India's economic growth could trip to a decadal low in 2012-13, in case it falls below the 6.5 per cent in 2011-12 - widely expected now, even by the government.
Economic growth was a mere 5.5 per cent in the first quarter of this year against eight per cent in the corresponding period of 2011-12. A quarter before, the GDP grew just 5.3 per cent. The government expects the economy to do better in the second half. Even in the global financial crisis period of 2008-09, growth was 6.7 per cent.
But in 2008-09, the government had much more room to provide stimulus to industry.
The cost of these came to Rs 1.86 lakh crore and it widened the Centre's fiscal deficit to six per cent, more than double the 2.5 per cent estimated in that year's Budget. Besides, the Reserve Bank of India had cut the repo and reverse repo rate aggressively to provide monetary stimulus.
While industry now clamours for a rate cut by RBI, the central bank continues to keep an eye on inflation, 7.45 per cent in October. This, coupled with a tough global situation, has led to lacklustre investment by private companies. The economy's investment rate was 38.1 per cent of gross domestic product (GDP) in the pre-crisis period of 2007-08 and this came down to 34.3 per cent in the crisis period the next year. Rising briefly to 36.9 per cent in 2009-10, it fell to 34.7 per cent the next year and stayed there in 2011-12. This year, it is projected to rise to 35.3 per cent. However, in the first quarter, the fixed investment rate rose just 0.65 per cent, against 3.6 per cent in the previous quarter and the high of 14.88 per cent in April-June of 2011-12. In this situation, when the private sector is not forthcoming, will the government bail out industry as it did in 2008-09?
A government can provide a booster dose if it has a healthy exchequer. This year's disinvestment target was Rs 30,000 crore; nothing has happened so fa. There is also a big question mark over the Rs 40,000 crore estimated originally from the spectrum sale for 2G telecom services. If the economy slows, tax receipts will also fall short. The Kelkar committee had expected Rs 60,000 crore of shortfall from taxes, though this was a worst case scenario.
It is ultimately the government that can borrow at the lowest possible cost. But government borrowings are already pegged at Rs 5.7 lakh crore this year, around 5.6 per cent of estimated GDP. The figure was roughly 5.7 per cent last year. Continued high borrowing would crowd out what money is left for private investment.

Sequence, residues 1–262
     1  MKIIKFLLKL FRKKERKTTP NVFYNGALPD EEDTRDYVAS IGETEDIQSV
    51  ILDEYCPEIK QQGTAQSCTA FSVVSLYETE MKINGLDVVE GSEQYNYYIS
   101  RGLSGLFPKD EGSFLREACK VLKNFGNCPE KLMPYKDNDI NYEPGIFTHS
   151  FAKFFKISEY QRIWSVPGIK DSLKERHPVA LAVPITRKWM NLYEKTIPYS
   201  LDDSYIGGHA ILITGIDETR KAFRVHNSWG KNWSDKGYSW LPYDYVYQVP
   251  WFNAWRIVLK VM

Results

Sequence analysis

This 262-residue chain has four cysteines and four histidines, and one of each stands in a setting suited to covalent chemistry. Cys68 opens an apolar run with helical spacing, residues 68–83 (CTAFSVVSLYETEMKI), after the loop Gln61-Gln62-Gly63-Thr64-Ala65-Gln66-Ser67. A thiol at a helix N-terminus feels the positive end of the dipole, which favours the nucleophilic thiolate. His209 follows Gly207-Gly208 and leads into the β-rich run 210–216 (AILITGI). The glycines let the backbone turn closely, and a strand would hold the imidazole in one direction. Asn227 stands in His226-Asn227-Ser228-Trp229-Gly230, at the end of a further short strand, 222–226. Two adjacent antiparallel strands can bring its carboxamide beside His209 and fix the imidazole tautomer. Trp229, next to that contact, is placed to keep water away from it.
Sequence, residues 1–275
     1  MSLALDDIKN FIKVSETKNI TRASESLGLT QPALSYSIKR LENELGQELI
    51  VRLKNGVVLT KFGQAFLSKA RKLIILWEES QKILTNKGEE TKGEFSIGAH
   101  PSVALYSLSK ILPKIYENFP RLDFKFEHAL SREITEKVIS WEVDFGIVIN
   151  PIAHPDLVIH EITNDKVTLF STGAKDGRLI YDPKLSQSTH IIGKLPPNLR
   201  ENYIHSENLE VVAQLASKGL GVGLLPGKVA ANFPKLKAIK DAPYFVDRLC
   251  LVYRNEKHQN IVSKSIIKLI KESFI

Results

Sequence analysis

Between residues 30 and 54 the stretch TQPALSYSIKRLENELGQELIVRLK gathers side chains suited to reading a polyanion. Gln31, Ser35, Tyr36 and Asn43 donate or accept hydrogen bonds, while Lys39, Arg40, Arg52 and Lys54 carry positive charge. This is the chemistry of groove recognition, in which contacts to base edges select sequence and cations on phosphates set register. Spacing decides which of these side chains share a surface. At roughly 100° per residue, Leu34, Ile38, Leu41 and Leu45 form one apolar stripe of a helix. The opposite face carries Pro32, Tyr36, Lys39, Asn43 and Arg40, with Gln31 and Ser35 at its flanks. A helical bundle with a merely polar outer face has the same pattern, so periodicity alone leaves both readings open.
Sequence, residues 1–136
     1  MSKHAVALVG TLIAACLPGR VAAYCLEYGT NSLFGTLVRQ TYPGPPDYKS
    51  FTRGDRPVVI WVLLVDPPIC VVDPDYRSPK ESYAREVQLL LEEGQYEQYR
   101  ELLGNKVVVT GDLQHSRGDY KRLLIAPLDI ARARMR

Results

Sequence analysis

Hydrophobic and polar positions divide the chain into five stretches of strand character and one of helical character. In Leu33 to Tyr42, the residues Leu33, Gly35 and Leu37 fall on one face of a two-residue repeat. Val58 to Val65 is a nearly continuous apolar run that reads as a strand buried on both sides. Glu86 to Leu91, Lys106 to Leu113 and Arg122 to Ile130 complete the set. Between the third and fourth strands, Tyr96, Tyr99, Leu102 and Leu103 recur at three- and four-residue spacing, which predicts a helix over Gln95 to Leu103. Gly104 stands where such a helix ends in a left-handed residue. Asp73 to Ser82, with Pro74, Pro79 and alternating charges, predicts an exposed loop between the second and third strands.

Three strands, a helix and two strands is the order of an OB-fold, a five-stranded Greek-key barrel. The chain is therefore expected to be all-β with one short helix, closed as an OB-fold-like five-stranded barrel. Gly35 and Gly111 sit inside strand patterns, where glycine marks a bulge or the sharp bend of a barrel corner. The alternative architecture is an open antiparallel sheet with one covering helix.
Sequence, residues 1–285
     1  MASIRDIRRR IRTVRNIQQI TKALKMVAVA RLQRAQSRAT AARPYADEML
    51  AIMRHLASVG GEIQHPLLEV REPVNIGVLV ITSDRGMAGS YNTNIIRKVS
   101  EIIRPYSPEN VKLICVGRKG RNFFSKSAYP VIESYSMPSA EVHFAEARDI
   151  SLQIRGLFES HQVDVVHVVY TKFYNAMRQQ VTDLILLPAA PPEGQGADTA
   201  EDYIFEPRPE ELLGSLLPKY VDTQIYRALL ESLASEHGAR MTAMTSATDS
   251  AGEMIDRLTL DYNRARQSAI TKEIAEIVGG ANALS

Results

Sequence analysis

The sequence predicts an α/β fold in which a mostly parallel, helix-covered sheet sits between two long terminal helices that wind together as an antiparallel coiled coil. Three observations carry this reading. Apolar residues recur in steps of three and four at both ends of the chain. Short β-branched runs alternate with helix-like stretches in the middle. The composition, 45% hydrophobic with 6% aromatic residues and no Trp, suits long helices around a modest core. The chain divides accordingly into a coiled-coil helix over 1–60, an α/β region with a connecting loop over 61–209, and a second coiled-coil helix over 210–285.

Besides, higher government borrowings would be necessitated if it goes for extra expenditure to pump-prime the economy. The Centre's fiscal deficit was estimated at 5.1 per cent of GDP in the Budget. Realising that it was difficult to meet this target, the finance ministry revised the target mid-way to 5.3 per cent. many dount if even this would be met and peg it between 5.8 and six per cent of GDP.
In Keynesian theory, the government should spend and cut taxes to spur growth when the economy slows. But when the fiscal deficit is already as high, how can the government play around with its exchequer?
"The government clearly does not want to spend on Sunday, as there is pressure to contain the fiscal deficit. So, the Keynesian theory may not work here," said Madan Sabnavis, chief economist, CARE Ratings.
A widening fiscal deficit might stoke inflation and prompt rating agencies to cut the country's sovereign ratings. If this happened, it would dampen foreign direct investment and foreign institutional investment inflows. These are required to finance a rising current account deficit (CAD).
CAD touched a record level of 4.2 per cent of GDP in 2011-12. Though it is expected to be lower than this, it was 3.9 per cent in the first quarter this year against 3.8 per cent in the corresponding period last year, even as it was largely due to exchange rate movement.
It is a chain of inaction on all fronts. Investment-led growth seems out of the question, as a vicious cycle emerges here - high inflation is reducing the purchasing power of households and the private sector is not investing due to lack of demand plus high interest rates, RBI is not cutting rates as it expects the government to first take action on the fiscal front, as inflation is high. The government is unable to spend due to the widening fiscal deficit. "There is a sqeeze from all ends," said Sabnavis.
Somebody will have to break this cycle, be it RBI by cutting rates or public sector units sitting on a cash pile of over Rs 2 lakh crore. But RBI measures will have a lag effect, while investments by public sector units will not come immediately.
"The public sector has cash but investment from there takes time," said D K Joshi, chief economist with CRISIL.